Garment factory conditions in India
Non compliance with labour management is a recurring problem in the apparel industry, and even though working conditions have improved in many manufacturing plants, the problem persists.
There are countless reports of garment workers who suffer horrific accidents which could easily have been prevented by their employers.
From Indian workers who have lost all their fingers on one hand, to reports of modern forms of slavery including child slavery in the spinning mills of South India where young girls and women are forced to work for employers who lock them up in controlled hostels and withhold their wages. These women face exploitation, sexual harassment and work extremely long hours for unfair wages.
In November 2016, 13 workers were killed in a fire in a suspected illegal garment factory manufacturing leather jackets on the outskirts of Delhi in India. Sadly, many of these workers are still fighting for compensation after these terrible accidents, yet to no avail. These aren’t isolated incidents, as poor workplace safety and exploitation are common in India.
Badly ventilated work areas, run-down factory building conditions, faulty electrical wiring with many short circuits, system overloads and locked emergency exits due to fear of theft are all reasons for these lethal traps that workers find themselves in.
Moreover, cotton farmers in India face immense pressure due to the rising costs of genetically modified seeds, pesticides, and fertiliser which has lead to 270,000 Indian cotton farmers committing suicide since 1995.
Who is making your garments?
It’s important for all stakeholders in the apparel industry to realize that that incredibly cheap pair of jeans may have been a bargain, yes, but they’ve gone on a long journey at the expense of exploited and unfairly treated garment workers.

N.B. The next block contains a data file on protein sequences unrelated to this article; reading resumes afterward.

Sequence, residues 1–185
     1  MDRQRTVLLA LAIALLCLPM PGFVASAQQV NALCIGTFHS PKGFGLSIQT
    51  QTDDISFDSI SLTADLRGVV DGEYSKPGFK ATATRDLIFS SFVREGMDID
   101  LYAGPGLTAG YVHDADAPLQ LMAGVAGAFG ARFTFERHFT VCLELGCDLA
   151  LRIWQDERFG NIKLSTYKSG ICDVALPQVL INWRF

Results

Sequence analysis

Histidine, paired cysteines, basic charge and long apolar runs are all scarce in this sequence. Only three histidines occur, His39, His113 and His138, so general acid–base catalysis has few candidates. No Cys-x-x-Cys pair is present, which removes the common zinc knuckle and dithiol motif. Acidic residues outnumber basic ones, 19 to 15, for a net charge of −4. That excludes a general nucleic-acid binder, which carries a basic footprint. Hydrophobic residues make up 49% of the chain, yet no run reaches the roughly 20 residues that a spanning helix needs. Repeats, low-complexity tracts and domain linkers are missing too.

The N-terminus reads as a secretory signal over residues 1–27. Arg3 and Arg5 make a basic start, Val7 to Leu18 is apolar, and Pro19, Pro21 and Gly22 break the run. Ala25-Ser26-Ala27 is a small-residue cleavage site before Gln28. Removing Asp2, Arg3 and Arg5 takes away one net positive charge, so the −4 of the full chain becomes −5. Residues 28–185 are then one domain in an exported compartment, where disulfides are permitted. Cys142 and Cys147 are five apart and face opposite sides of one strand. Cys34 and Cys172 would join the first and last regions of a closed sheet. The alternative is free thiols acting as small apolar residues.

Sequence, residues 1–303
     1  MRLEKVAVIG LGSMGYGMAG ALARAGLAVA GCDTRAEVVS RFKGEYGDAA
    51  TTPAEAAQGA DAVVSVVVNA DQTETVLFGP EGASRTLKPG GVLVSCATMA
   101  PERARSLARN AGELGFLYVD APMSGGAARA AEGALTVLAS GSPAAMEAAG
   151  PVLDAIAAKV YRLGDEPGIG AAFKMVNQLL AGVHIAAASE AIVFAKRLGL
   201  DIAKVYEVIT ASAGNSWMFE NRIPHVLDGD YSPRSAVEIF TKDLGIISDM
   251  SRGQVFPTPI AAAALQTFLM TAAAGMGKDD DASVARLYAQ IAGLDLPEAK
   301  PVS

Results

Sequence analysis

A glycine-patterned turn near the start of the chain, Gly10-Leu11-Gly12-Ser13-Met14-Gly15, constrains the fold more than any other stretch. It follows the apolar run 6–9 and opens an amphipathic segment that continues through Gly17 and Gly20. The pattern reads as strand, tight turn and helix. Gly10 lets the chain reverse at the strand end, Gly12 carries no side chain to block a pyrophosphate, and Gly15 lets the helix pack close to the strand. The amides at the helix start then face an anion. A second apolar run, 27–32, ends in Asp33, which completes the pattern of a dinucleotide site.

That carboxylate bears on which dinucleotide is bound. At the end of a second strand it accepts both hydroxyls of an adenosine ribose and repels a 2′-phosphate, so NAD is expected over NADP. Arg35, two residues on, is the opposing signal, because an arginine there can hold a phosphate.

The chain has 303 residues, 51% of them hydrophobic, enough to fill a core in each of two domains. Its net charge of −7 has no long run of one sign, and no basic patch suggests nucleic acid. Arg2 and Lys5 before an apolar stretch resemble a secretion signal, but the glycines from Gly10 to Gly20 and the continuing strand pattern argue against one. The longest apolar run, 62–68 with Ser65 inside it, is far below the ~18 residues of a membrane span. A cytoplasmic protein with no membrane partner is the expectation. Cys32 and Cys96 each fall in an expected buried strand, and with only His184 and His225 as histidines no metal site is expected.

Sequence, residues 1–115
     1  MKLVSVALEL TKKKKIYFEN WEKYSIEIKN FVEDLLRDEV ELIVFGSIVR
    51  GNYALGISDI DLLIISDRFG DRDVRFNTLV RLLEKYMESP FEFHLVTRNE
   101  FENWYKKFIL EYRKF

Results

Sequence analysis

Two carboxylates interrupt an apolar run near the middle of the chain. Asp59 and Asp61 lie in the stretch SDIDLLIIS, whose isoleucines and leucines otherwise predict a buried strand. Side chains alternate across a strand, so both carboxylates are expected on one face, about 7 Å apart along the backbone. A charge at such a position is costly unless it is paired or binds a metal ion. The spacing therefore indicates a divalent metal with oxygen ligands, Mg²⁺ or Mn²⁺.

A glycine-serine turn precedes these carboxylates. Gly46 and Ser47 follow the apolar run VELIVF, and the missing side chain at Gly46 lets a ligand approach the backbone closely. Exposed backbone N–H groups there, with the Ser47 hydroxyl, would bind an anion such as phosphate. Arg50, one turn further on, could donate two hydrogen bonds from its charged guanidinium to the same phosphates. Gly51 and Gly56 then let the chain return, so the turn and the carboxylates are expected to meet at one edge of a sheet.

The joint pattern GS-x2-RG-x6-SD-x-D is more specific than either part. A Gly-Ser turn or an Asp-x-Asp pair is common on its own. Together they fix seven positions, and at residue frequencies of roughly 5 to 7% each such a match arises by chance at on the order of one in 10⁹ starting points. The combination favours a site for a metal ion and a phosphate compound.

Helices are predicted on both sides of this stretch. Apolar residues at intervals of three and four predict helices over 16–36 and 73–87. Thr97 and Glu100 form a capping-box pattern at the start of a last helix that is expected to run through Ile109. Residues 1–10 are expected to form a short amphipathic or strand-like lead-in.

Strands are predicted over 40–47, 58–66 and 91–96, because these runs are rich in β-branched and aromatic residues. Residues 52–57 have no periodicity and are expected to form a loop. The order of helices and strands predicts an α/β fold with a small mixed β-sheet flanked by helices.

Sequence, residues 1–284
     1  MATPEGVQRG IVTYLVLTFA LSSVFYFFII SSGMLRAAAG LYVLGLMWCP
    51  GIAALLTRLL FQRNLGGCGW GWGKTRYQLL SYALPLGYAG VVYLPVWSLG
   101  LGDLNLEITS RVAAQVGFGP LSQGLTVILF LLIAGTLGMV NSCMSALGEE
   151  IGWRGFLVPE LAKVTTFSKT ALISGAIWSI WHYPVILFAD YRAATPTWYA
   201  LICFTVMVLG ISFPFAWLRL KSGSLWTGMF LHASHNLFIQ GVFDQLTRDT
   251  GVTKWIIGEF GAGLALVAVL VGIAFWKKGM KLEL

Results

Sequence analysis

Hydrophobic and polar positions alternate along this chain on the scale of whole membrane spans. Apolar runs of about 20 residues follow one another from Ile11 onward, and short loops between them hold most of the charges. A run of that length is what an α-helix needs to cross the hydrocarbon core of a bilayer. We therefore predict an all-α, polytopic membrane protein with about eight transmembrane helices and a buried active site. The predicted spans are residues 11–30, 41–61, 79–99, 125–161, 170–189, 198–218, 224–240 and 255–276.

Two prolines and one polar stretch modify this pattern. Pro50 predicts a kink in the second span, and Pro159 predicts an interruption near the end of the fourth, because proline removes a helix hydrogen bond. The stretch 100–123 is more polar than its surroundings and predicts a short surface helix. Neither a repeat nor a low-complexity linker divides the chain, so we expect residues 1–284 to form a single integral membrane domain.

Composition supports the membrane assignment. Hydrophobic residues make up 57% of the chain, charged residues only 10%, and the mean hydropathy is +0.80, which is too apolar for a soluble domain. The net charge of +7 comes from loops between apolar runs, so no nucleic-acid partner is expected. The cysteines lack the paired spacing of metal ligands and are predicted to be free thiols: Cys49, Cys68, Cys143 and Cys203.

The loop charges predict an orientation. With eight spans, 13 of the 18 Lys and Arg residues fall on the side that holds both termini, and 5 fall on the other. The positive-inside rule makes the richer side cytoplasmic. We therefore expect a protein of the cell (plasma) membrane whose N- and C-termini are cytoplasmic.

Does lower prices and higher profit really mean more than the lives of the cotton farmers, weavers, dyers, spinners and sewers whose hands these garments have passed through?
The series of ‘Show Your Label’ campaigns which were held earlier this year is an example of the campaigns Fairtrade India initiates each year to raise awareness about the appalling garment factory conditions in many developing countries.
The campaign encouraged consumers and celebrities to wear their clothes inside out and reach out to their favourite brands via Twitter, Facebook, Instagram, etc. and ask:
“Who made my clothes?”
What’s shocking is that many brands that sourced clothes from developing countries weren’t aware of the conditions labourers are forced to work in.
This, however, is no excuse.
H&M is one of the first worldwide brands that promoted transparency by making its supplier factory list as well as second-tier suppliers available to the public.
It shouldn’t take fatal tragedies for Indian garment labourers to earn the right to work in safe conditions and be treated fairly.
More brands should actively eliminate this problem from their supply chain and work towards a more transparent and sustainable future.
If you’d like to comment on the state of the textile industry in India or have any general questions about the apparel industry, please get in touch!
We’d love to hear from you.